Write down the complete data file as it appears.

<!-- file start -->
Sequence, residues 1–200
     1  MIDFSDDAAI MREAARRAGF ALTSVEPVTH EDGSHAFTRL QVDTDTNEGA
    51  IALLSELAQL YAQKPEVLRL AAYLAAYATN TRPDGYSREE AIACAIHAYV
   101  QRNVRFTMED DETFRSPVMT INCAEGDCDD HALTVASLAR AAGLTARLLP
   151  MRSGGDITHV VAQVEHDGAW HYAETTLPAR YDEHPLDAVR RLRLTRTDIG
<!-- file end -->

Sequence, residues 1–200
     1  MIDFSDDAAI MREAARRAGF ALTSVEPVTH EDGSHAFTRL QVDTDTNEGA
    51  IALLSELAQL YAQKPEVLRL AAYLAAYATN TRPDGYSREE AIACAIHAYV
   101  QRNVRFTMED DETFRSPVMT INCAEGDCDD HALTVASLAR AAGLTARLLP
   151  MRSGGDITHV VAQVEHDGAW HYAETTLPAR YDEHPLDAVR RLRLTRTDIG